EOSC 471 · Waves, Currents, and Mixing in the Ocean

Use of observations, theory and model results to solve physical oceanographic problems including applications to transport and mixing of pollutants or nutrients. [3-0-0] Prerequisite: EOSC 211 and one of ATSC 201, EOSC 372, GEOB 200 and one of SCIE 001, PHYS 101, PHYS 107, PHYS 117, PHYS 153, PHYS 157.

Course Availability & Schedule

Course Description

Use of observations, theory and model results to solve physical oceanographic problems including applications to transport and mixing of pollutants or nutrients.

Learning Goals

By the end of the course, students will be able to:

  1. use observations, theory and/or model results to solve physical oceanography problems;
  2. use computational analysis to visualize and to extract quantitative results from observations and model results
  3. use fluid dynamical scaling to determine what processes are important and to characterize flows using non-dimensional numbers
  4. and, in addition by the end of the course, students will have an acquired appreciation of current research topics in physical oceanography

Instructors

Susan Allen and Rich Pawlowicz (TA: Karina Ramos-Musalem)

Course Content

 EOSC 471  specializes in physical oceanography (in comparison with EOSC 470 and 472 which focus on biological and chemical oceanography respectively).  It builds on the broad third-year oceanography courses and prepares students for their capstone project course, EOSC 473.

This course replaces EOSC 477 (a classic Geophysical Fluid Dynamics course) for CMJ and CHN Oceanography and Physics students.  EOSC 471 is instead focused on tools such as the analysis of observations and model results and their application to physical oceanography than on classical GFD. Students in oceanography (all branches), atmospheric science and environmental science will benefit from the exposure to these current tools as they are used across fields and outside academia in environmental consulting.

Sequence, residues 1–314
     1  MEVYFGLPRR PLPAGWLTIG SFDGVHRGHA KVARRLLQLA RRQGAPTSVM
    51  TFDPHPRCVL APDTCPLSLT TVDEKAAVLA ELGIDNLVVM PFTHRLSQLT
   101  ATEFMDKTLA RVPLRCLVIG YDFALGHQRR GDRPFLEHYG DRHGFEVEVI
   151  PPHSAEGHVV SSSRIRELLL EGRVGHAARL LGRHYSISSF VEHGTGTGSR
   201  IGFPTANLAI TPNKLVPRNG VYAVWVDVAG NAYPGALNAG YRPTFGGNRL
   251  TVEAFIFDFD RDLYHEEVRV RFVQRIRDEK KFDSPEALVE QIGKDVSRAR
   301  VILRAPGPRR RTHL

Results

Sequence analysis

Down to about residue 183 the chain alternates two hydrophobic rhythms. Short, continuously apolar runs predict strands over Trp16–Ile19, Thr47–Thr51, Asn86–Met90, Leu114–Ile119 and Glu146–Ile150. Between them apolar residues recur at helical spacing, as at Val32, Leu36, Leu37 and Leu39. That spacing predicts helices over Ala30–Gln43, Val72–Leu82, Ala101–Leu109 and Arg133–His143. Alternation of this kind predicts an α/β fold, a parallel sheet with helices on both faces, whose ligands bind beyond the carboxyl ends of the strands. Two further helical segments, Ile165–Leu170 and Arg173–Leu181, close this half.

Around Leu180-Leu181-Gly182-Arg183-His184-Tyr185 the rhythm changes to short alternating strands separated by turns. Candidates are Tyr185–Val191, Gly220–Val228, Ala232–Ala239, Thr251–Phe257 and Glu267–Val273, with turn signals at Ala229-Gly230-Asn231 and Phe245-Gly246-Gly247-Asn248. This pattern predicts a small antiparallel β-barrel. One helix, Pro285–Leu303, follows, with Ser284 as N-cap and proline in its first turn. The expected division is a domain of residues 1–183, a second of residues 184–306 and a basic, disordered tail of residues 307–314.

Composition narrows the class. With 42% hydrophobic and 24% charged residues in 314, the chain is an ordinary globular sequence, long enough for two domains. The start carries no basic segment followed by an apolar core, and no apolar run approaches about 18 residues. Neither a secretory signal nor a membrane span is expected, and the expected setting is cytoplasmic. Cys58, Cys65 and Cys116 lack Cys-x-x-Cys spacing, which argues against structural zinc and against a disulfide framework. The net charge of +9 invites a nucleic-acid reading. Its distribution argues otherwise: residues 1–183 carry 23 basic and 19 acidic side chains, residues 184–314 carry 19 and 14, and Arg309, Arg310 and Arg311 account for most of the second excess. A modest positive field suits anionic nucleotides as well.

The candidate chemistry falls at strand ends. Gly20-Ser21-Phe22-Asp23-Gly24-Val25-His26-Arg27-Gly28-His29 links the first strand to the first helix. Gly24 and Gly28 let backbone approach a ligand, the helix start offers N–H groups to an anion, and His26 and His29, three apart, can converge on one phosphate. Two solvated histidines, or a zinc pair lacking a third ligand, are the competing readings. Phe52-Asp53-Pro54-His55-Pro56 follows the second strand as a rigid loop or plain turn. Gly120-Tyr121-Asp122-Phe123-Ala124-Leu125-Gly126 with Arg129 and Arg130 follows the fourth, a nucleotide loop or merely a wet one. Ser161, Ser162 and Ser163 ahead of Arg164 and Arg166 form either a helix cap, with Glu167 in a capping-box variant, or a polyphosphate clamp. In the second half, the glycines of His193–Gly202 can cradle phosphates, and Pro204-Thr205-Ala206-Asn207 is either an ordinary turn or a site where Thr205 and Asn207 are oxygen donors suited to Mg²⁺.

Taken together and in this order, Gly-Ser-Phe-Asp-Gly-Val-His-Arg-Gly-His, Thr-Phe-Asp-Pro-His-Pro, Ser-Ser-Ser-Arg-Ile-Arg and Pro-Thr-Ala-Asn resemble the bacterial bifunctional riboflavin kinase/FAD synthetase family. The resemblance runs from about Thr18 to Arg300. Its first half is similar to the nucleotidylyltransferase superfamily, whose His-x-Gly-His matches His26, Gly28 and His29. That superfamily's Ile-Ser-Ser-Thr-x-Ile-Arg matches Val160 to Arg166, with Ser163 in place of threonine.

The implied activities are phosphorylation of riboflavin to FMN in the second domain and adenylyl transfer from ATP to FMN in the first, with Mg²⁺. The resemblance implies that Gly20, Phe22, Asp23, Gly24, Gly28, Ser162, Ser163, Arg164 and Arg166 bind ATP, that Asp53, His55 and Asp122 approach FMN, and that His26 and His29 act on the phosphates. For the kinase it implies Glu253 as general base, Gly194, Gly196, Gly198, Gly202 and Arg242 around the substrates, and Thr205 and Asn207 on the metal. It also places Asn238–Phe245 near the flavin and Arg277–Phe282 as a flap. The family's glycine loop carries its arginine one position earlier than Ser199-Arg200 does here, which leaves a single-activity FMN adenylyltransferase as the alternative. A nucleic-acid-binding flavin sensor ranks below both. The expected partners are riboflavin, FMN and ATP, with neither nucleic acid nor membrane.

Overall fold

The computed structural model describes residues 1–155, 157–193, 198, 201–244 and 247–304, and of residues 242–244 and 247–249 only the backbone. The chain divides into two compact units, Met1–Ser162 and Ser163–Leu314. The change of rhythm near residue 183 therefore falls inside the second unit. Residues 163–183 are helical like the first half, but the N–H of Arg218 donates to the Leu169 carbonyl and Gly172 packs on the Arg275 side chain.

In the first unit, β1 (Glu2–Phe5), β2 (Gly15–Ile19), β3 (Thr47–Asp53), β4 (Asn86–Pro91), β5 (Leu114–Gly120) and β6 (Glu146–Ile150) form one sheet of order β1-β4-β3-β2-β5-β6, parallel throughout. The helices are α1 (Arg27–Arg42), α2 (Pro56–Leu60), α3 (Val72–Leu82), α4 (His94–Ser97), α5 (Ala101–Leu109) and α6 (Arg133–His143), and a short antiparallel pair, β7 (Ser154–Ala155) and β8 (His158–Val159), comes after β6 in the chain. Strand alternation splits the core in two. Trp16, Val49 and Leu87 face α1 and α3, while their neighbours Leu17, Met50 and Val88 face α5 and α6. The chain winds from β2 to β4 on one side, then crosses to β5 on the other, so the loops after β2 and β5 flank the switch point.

The complicated prerequisite structure is to give access to as many students as possible but ensuring that they have

  1. skills with scientific programming on a common platform (EOSC 211)
  2. basic force balances in the ocean (same as atmosphere) (EOSC 372 or ATSC 201 or GEOB 200)
  3. calculus (first year integral and differential calculus) (required by EOSC 211)
  4. physics of waves (first year, first course)

The course will encompass two-four topics (initially Surface Ocean & Wave/Sea Interaction, Large Scale Overturning, Mixing & Stirring and Coastal Oceanography of the West Coast of Canada) to provide students with the opportunity to combine observations, theory and model results to solve problems related to ocean waves, currents and mixing. Applications to transport and mixing of chemical/biological tracers (e.g. nutrients, pollutants, larval fish) will be included.

 

Lecture Topics

Week Lecture Lecture/Lab
1 Introduction and review of waves MATLAB and computer models
2 Surface waves, wave spectra Wave modelling
3 Air/Sea interaction - heat and momentum MINI-PROJECT 1: wave data from buoys
4 Mixed layer dynamics Mixed-layer modelling
5 Air/Sea interaction - gases Internal waves
6 Shear-driven mixing MIDTERM
7 Review of Large-Scale Circulation MINI-PROJECT 2: overturning model and mixing
8 Patchiness of ocean mixing Argo/drifter datasets
9 Tides Harmonic Analysis of tides
10 Estuarine Flow Estuarine models
11 Contaminant Transport (Fukishima) MINI-PROJECT 3: particle tracking
12 Wind-driven currents NE Pacific Model-data comparison (Salish Sea)
13 Eddies in ocean circulation REVIEW

 

Labs

This course will be taught in a one hour + two hour format, with the two-hour block in a computer lab. The breakdown between lectures and computer work in the computer laboratory is expected to be 1:1.

A significant component of the course will be three mini-projects. At least one of these projects will be group based. Each project will be allocated 2 hours initial time in the computer laboratory to ensure students have access to the materials and tools they need and to facilitate group dynamics.